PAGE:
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Fullerton v. Robson

OPINION FILED MAY 19, 1978.

LEE F. FULLERTON ET AL., INDIV. AND D/B/A FULLERTON COAL COMPANY, PLAINTIFFS AND COUNTERDEFENDANTS-APPELLEES,

v.

JOHN H. ROBSON ET AL., INDIV. AND D/B/A MARQUETTE COAL & MINING CO., DEFENDANTS AND COUNTERCLAIMANTS-APPELLANTS.



APPEAL from the Circuit Court of Cook County; the Hon. JAMES A. GEROULIS, Judge, presiding.

MR. JUSTICE LORENZ DELIVERED THE OPINION OF THE COURT:

Rehearing denied July 14, 1978.

Defendants (Marquette) appeal from a judgment awarding plaintiffs (Fullerton) $51,366 in damages for breach of contract and denying their counterclaim. On appeal Marquette contends that (1) the trial court erred in admitting irrelevant and prejudicial evidence; (2) the trial court improperly excluded certain exhibits and testimony; and (3) the jury verdict is against the manifest weight of the evidence.

At trial the following pertinent evidence was adduced.

For the plaintiffs

Plaintiff Lee Fullerton on his own behalf

He is a coal broker or wholesaler who sells coal directly from the mines to coal retailers. During 1970 he sold coal to Marquette on a continuing basis in response to phone orders from William Robson. The coal, all of which was "Hi-Glo" stoker, was shipped directly from the mines to Marquette. In late October, 1970 Robson requested that Fullerton stop coal shipments, explaining several weeks later that Marquette's customers had been complaining about the coal. Although he has demanded payment, Marquette has refused to pay $51,366 for coal which it ordered and received.

On cross-examination he admitted that in a phone conversation with Robson and in a confirming letter, he agreed to sell Hi-Glo #3 coal to Marquette. Although he does not recall telling Robson a different kind of coal would be shipped, he does state that all stoker coal is basically the same. He admits that in his deposition he stated he would have no way of knowing whether the coal shipped to Marquette conformed to his original proposal.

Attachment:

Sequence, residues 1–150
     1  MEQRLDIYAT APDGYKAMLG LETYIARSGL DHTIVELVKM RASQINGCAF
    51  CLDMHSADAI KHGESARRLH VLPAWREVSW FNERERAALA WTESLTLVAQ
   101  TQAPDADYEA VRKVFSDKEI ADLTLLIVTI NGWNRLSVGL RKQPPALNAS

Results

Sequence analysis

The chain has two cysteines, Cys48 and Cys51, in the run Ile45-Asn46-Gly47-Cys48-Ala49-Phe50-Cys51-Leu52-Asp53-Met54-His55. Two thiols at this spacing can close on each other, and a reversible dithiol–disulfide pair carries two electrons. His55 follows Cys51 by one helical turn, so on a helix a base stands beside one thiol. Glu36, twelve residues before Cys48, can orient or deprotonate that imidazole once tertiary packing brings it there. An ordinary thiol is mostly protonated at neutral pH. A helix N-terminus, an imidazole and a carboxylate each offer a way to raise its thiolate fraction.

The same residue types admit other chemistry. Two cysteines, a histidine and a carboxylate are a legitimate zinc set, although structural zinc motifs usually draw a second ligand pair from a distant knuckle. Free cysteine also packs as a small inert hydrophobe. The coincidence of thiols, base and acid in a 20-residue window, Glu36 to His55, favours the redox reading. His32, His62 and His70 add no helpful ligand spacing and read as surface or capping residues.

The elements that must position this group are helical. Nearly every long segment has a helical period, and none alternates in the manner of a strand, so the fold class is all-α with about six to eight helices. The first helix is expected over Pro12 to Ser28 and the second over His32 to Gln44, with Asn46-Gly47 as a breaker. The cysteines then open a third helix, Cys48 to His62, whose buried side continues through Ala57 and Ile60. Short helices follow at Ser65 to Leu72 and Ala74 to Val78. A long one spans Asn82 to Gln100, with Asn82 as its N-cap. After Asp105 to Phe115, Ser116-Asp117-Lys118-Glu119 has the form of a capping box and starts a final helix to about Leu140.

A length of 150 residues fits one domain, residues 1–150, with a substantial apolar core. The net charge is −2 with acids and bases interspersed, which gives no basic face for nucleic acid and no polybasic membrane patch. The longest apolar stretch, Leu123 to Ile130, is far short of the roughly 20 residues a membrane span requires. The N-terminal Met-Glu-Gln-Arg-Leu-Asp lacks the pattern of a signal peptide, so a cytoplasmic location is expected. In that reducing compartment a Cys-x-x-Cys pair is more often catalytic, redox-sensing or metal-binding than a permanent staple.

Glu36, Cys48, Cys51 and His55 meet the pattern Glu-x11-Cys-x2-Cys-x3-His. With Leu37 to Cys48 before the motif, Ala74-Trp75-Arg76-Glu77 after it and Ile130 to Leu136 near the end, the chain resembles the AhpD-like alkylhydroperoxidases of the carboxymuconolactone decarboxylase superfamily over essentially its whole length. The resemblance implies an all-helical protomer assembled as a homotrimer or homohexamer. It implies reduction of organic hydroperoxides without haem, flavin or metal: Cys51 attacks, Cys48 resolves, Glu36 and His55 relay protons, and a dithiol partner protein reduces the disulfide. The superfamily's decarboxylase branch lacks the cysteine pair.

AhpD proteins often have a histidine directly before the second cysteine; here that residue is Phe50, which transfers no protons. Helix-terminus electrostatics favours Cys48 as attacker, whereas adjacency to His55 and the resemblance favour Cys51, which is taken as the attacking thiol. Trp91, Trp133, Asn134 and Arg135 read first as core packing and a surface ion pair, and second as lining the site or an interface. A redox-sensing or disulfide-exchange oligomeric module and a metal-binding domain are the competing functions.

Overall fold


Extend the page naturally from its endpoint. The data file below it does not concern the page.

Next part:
Richard M. Mac Donald

He managed nine apartment buildings which were using Marquette coal in 1971. Because Marquette raised the price of coal, he changed to another supplier at a lower price. The price of the coal was the only reason he changed suppliers.

On cross-examination he admitted that the owner of one building had questioned the grade of coal supplied by Marquette.

For the defendants

William Robson, Jr., on his own behalf

He is a partner in Marquette with responsibility for purchasing coal. He began purchasing "Hi-Glo" stoker coal from Fullerton in 1968, having determined it met customer needs. During the fall of 1970 he received an unusual number of complaints about the coal and ordered Fullerton to stop shipments. However, a large quantity of previously delivered Fullerton coal was stocked in the Marquette yard. In order to make this coal suitable for customer use he had to mix it with better coal, borrowing $500,000 to ...


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